Identifying the people who would add value to your Board goal(s) helps you to focus your online networking and it also helps in determining which in-person events you attend – are those people also attending these events?

I understand that this may come across as a self-serving endeavour; and on the one hand, it is. However, authentic and genuine network building involves giving and sharing value first before asking for help. It’s wise to attempt to skew the ratio of ‘giving’ and ‘taking’ towards the ‘giving’ side. Think of it as deposits into a bank account; always make sure you leave a healthy balance after making withdrawals.

2. Identify and create Board opportunities that come to you (not just via advertisements).

I know I advised against sitting back and waiting for the perfect Board advertisement to drop, but there is a more engaged and proactive way that you can enable your preferred Board opportunities to present themselves to you with a little invested time upfront.

There are four options, from passive to involved, that you can adopt as activations for your Board search strategy:

Optimising your LinkedIn profile and Setting up Job search alerts.
This involves ensuring your LinkedIn profile is a natural extension of your Board resume and a place where you can tell more of your UVP story. This will help opportunities to find you should a recruiter be using LinkedIn when searching for someone like you for a Board opportunity. It also involves setting up an alert via the Job section to send you an email (daily or weekly) of your preferred ‘job’ (in this instance, Board Member, or Non-Executive Director in Adelaide, South Australia) to save you having to check-in regularly.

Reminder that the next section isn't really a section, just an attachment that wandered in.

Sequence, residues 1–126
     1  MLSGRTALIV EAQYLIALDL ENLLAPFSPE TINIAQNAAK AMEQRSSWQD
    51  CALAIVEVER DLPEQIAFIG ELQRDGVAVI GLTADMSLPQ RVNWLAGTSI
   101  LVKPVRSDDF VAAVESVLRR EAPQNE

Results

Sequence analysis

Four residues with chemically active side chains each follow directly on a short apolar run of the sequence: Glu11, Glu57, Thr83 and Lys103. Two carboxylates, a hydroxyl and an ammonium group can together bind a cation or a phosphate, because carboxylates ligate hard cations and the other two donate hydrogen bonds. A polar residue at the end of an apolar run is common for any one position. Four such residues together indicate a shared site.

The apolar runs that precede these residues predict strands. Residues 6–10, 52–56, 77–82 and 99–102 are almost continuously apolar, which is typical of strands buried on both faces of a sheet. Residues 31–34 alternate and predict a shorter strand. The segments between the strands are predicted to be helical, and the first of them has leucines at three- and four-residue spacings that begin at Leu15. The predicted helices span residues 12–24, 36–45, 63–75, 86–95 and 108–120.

Engage Board Recruiters/Search Firms.
Board search firms support larger organisations and governments to recruit new Board Members. They are always on the lookout for high-quality candidates; at the end of the day, they want to place the best person on the right Board. There are better ways for you to use Board recruiters as part of your Board search strategy; I share some considerations for you to make when engaging them in this article here.

Joining Board registers.
Board registers are databases where you can input your information and profile to demonstrate your interested in joining a Board connected to the register’s particular focus (these can include Government Boards, Not-For-Profit Boards, sport Boards, etc.). Use your Board goal for an indication of what type of Board register you may want to use.

Reaching out to organisations directly.
A more assertive approach for you to take to progress your Board goal(s) may be to (appropriately) reach out directly to the organisation or Board you have a desire to join. Of course this is a brave and delicate process. To help you put yourself forward, I share a framework you can follow when approaching organisations directly about joining their Board.


Great Board opportunities are out there waiting for you. Taking meaningful action to progress your Board goal(s) is possible. I hope this article has given you some inspiration on what your next steps will be.